Ideas on unit testing for the database are often heavily influenced by the world of object oriented programming (OOP), usually Java in practice. This is no doubt because much of modern thinking on development methodologies, including test driven development (TDD), originated in this world. Some of these ideas appear to translate very well into the database world, including that of TDD itself, with automated unit tests. However, some ideas may not translate so well, or even make sense, in database unit testing. For example, Roy Osherove (2011), Unit Test – Definition says:
A good unit test … runs in memory (no DB or File access, for example)
One concept that appears very important in the OOP world is that of dependencies, and of isolation of the code under test from its dependencies. This gives rise to complex mechanisms of ‘mocking’ and ‘dependency injection’ to bring about said isolation. Osherove mentions isolation in the same article as a requirement of good unit testing, and his view appears to be widespread. It’s worth mentioning though that not everyone in the OOP world shares his insistence. The influential Martin Fowler (2014) uses a nice terminology of ‘sociable’ tests (as opposed to ‘isolated’ tests) for tests that rely on other units to fulfill the behaviour under test, and he uses this approach himself when practicable, UnitTest.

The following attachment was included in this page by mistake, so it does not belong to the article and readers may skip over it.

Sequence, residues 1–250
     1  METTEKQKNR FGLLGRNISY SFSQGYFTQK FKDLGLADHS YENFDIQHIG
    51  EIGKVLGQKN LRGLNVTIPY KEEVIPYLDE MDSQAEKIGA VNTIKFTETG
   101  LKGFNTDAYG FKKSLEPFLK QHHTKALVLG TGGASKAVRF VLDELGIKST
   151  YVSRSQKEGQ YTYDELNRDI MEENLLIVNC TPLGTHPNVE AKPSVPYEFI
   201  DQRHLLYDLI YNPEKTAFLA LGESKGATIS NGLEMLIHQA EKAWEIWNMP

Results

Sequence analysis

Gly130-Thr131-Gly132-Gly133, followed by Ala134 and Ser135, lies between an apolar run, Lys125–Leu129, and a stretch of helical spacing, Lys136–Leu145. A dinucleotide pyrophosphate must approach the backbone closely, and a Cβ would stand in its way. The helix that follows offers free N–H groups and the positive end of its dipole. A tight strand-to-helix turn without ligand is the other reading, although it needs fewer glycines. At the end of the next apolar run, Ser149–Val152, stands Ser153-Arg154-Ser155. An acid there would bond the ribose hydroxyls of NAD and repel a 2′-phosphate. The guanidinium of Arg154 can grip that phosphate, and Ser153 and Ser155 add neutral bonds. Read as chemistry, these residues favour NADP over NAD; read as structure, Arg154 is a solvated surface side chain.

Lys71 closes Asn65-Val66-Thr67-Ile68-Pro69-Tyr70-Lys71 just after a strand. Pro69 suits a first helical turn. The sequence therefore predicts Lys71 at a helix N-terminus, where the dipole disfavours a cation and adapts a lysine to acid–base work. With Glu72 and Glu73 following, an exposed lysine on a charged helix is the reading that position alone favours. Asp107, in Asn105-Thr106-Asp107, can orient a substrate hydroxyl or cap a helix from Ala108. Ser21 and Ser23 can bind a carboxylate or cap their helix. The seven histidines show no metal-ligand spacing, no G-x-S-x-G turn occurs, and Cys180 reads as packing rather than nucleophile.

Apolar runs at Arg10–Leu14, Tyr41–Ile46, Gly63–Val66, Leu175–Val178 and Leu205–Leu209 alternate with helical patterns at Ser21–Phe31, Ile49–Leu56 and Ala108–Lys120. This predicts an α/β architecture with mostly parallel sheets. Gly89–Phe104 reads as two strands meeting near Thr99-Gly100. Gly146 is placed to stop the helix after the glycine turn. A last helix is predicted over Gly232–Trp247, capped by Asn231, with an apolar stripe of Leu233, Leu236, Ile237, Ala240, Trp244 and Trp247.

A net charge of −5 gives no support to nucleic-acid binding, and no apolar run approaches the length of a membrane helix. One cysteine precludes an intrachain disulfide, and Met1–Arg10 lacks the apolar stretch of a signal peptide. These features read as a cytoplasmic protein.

In the case of database unit testing, it seems to me to make very little sense to think in terms of isolating code under test from its dependencies. The following two diagrams represent how I see the relationships between base code, dependencies and unit test code across two distinct phases.
I would welcome any comments or opinions.